Mumbai, (The Hindu): Class VI student of Govandi school dies 4 days after school medication; over 500 kids taken to hospital
Several hundred students of a Govandi school, who had been administered iron and folic acid tablets four days ago, were taken to hospital after a 12-year-old student died early on Friday.
As news of Chandni Shaikh’s death spread, panic-stricken parents of nearly 500 students of the Sanjay Nagar Municipal School thronged the civic-run Rajawadi Hospital in Ghatkopar. Doctors there said 426 children were brought in for check-ups, while 61 were taken to Shatabdi Hospital. The students had been given deworming tablets on Friday, which coincided with National Deworming Day.
Chandni, a Class VI student of the Urdu medium school, and others had been administered the Iron and Folic Acid (IFA) supplement in school on August 6, a weekly practice under the Central government’s National Iron Plus Initiative. She didn’t attend classes on August 7 as she was unwell, but did so on August 8 and August 9. Early on Friday, she began coughing up blood, and died around 6.30 a.m. before she could be taken to Rajawadi Hospital.
As a precautionary measure, the civic body stopped administering IFA tablets of batch no. TAF8069AL, and Albendazole tablet (de-worming) of batch no. FAR6L733 with immediate effect in schools.
BMC denies link
Dr. Padmaja Keskar, Executive Health Officer, BMC, said Chandni’s death and children being taken to hospitals shouldn’t be linked. “Slight nausea is a common reaction to deworming tablets, but her death led to panic.”
Shahid Shaikh, Chandni’s father, said, “She was feeling unwell and breathless. We assumed it was because of the heavy school bag.” He said her condition worsened on Thursday night, and they took her to a local doctor who advised an X-ray before starting treatment. However, she died on Friday morning.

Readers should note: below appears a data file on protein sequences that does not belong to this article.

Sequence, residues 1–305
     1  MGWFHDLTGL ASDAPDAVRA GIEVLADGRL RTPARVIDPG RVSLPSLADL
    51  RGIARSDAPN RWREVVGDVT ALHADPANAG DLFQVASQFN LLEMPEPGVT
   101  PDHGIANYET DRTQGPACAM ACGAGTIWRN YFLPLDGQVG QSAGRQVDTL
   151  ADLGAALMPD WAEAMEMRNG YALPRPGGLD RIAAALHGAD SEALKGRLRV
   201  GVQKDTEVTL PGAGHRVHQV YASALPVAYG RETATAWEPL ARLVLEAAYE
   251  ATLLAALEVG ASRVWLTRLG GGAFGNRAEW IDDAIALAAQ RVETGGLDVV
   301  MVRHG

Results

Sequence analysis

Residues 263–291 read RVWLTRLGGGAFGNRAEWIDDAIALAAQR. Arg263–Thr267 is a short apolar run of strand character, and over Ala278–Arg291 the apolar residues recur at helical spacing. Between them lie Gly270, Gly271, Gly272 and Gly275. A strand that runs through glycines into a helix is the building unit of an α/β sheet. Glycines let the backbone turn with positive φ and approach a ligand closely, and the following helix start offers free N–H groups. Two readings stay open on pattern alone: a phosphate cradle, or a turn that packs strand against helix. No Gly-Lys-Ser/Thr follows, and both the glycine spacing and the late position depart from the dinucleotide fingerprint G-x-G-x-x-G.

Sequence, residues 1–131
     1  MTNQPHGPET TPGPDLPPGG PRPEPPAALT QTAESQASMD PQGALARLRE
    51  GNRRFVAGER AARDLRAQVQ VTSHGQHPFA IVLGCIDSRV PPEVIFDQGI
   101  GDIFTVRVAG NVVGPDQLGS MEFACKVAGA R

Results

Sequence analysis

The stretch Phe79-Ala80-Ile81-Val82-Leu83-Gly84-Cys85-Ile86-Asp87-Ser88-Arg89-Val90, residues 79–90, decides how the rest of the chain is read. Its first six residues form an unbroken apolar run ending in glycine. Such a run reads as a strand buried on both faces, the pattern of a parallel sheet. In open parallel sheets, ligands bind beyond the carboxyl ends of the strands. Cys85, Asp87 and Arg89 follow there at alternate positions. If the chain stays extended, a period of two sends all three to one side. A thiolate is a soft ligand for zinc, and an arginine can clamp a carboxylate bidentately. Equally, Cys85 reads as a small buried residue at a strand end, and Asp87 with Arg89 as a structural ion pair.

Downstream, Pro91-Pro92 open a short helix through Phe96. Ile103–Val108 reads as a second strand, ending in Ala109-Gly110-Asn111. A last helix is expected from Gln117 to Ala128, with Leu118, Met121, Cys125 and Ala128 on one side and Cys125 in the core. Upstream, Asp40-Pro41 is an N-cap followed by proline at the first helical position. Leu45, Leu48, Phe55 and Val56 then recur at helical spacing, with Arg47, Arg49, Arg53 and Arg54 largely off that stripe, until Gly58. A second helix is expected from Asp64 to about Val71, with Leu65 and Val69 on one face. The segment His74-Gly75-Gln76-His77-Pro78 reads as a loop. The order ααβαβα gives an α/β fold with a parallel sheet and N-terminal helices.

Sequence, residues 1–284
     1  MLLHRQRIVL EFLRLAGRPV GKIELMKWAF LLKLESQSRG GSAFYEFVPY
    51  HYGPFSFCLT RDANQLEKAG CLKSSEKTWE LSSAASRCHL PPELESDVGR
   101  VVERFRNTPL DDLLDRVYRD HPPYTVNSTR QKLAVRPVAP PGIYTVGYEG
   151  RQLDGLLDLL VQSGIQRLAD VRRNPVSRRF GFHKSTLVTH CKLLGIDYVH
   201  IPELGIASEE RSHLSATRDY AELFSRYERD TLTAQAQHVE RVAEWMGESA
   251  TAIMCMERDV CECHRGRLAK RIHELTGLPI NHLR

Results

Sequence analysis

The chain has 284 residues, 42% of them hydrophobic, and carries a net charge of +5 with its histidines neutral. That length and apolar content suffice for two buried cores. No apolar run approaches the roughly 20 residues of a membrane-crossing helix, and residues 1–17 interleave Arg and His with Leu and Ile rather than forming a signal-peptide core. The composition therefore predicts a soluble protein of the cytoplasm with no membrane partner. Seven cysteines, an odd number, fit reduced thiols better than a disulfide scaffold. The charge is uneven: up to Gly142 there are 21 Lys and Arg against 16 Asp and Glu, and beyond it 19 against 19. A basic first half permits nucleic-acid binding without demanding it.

Dr. Keskar said Chandni had otorrhea (ear discharge), which could be due to an internal infection, and some vision-related problem. Local residents said she had a history of tuberculosis, but her parents maintained she was healthy.
By 9 a.m., a large crowd of parents had gathered outside the school. “There were rumours that many children died after consuming medicines given in school. There were many WhatsApp messages floating around and parents kept calling each other, spreading wrong details. Some messages said 10 children had died. When they said they were feeling nauseous, parents panicked more,” Furkan Merchant, a local resident who helped in crowd control at the school and the hospital, said.
He added that the children were taken to hospital in police vans, autorickshaws and private vehicles. Mehbunissa Idresi, mother of 11-year-old Muskaan, said she had been taking tablets given in school regularly, but had never complained of uneasiness earlier. Muskaan was admitted for observation to Rajawadi Hospital.
Arbina Shaikh, a Class VI student, said they were given the tablets in the morning and told to have them after recess. “Soon after recess, when I had had my tablet, an announcement asked us to not have the tablet.”
FDA takes samples
Inspectors from the Food and Drugs Administration came to collect samples of the drugs for testing. Dr Keskar said doctors were posted in Sanjay Nagar, Rafiq Nagar and Shivaji Nagar areas so that children can be checked for reactions. Chandni’s post mortem examination was conducted at JJ Hospital.
DCP (Zone 6) Shahaji Umap said as per the PM report, said there was evidence of broncho-pulmonary haemorrhage.
He added, “However, a final opinion will depend on the chemical analysis and histo-pathological examination.” Doctors say the most common cause of pulmonary haemorrhage is tuberculosis, but an acute viral or bacterial infection, sepsis or pneumonia can also cause it.
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